York exchange student points out differences in American and European education


By Rosalie Wain

One of the biggest things that international students have to experience while on an international exchange program is the stark differences that exist between your newfound home and the one in which you grew up.

Who knew toilets flush on the opposite side in America? How come cheese seems to accompany everything edible? And since

when are squirrels practically tame?

In my university town of York, the houses lean in on themselves in a worryingly Jenga-like fashion and the churches are all gothic to an extreme.

People don’t tip unless the service was remarkable, in which case 50 pence might be begrudgingly parted with.

Sarcasm and a  dry sense of humour is a way of life, and if you don’t like tea then you really must be very odd.

The biggest difference that I’ve dealt with is the issue of formality. The British, as a collective whole, do not hug. If someone asks how you are, it’s an invitation to sit down and talk to them about your life’s woes, not a polite way of making small-talk in a checkout line. All of these aspects are rather hard to get used to.

The fact that I’m finding it difficult to adjust to one of the biggest and most commercialized cultures in the world makes me wonder what else is out there to adventure to, and whether it’s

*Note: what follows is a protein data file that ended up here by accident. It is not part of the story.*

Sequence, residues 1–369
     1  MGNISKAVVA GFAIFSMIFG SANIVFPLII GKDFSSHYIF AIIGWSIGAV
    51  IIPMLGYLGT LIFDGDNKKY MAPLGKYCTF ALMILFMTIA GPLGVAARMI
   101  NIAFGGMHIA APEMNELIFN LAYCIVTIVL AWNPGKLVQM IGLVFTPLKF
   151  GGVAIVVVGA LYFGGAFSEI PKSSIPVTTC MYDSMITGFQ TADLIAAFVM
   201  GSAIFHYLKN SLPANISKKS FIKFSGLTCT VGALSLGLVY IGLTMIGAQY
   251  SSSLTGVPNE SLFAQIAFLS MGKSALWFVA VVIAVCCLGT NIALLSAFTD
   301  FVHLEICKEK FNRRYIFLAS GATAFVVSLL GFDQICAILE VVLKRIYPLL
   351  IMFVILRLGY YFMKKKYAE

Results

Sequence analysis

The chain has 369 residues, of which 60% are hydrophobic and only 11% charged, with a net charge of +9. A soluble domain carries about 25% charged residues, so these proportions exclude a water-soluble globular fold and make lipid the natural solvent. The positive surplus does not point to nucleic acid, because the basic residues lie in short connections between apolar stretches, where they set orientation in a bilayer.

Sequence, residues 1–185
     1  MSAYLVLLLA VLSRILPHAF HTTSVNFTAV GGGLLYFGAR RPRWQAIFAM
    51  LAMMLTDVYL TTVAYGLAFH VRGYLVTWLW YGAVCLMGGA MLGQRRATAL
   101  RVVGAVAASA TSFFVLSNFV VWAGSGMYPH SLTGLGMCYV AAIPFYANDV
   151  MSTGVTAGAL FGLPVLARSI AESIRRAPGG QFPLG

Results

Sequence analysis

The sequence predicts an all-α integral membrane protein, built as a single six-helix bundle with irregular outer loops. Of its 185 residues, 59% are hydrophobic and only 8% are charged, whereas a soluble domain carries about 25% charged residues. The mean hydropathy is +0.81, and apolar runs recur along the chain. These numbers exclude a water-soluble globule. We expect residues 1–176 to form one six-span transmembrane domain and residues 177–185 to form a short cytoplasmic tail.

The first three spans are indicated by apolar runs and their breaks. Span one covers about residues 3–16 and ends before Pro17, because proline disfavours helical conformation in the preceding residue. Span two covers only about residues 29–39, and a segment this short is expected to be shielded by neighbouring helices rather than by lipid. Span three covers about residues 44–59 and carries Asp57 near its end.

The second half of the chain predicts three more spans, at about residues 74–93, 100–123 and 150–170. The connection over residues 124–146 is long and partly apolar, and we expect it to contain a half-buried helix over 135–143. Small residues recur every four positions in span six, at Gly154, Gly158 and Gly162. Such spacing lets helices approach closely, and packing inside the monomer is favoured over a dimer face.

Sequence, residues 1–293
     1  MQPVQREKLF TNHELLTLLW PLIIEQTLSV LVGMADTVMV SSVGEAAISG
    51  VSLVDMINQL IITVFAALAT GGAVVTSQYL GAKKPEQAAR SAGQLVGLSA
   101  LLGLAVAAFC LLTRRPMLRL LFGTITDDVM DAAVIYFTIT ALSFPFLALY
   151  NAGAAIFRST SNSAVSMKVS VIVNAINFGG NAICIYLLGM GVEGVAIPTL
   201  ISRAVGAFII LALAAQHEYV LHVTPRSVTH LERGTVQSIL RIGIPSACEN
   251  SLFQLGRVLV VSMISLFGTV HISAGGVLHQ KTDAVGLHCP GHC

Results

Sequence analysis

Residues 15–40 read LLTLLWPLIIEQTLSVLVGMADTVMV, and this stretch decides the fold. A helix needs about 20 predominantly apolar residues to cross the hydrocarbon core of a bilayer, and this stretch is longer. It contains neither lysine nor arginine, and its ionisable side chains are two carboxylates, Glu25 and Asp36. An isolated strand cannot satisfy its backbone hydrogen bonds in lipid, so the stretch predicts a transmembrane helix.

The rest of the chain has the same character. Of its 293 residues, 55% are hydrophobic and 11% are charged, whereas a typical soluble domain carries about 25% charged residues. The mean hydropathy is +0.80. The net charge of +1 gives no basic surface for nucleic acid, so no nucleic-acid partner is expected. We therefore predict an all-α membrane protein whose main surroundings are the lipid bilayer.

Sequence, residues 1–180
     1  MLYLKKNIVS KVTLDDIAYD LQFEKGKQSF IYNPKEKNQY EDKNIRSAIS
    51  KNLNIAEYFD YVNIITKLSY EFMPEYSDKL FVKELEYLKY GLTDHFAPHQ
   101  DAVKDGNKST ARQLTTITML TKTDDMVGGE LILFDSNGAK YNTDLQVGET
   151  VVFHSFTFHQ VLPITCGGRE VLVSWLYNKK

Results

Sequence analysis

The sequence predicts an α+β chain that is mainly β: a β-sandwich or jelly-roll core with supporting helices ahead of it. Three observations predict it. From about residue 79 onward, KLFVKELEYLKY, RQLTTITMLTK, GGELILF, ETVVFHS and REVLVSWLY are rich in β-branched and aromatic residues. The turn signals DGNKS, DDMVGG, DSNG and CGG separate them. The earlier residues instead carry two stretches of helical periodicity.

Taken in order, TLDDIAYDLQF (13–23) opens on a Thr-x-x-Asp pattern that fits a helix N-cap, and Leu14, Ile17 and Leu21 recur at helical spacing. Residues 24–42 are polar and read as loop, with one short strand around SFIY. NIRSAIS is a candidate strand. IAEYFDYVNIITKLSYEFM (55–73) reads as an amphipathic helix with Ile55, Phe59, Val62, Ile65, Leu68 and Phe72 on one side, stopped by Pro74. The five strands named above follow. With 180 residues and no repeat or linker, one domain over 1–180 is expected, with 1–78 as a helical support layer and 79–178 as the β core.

possible to ever completely understand a culture that is not your own.

While being here, I’ve been privileged with the opportunity to speak to other exchange students from countries all around the world.

Camille Goustiaux, a TA from France, told me that the biggest difference for her was that no one lives on campus at her home university. “We very much have lives outside of college. We don’t have events or even sports teams. University is literally just about going to class.”

This is somewhat applicable to most of Europe’s view on the higher education, in that we don’t seem nearly as invested in college life. It also costs much less for us to go to college as things like housing and food aren’t included in what we pay.

Honza Malý from the Czech Republic said the most notable difference for him is that everything is cold in America. “The drinks are constantly refrigerated. Also, the air-conditioning is always turned on, even if it’s actually cold outside.”

Similarly, I’ve also noticed that no expense is spared to offer

the most amount of comfort here.

The library chairs are possibly the comfiest things I’ve ever

sat in, and there’s definitely no shortage of them. The staff go out of their way to be able to know you by name. Even the ladies who work in the cafeteria know my face and never fail to ask me how my day is going.

Also, the fact that every Minerva has its own television is

baffling to me, especially since they’re all about seven times the size of any you’d find within a student’s budget in York.

It’s interesting to be able to contemplate the differences that have emerged just by talking to

other international students and comparing American life to my own.

I’m more than glad I made the decision to come to Union as it’s allowed me to attempt to understand a different culture, while also allowing me to contemplate  my own.


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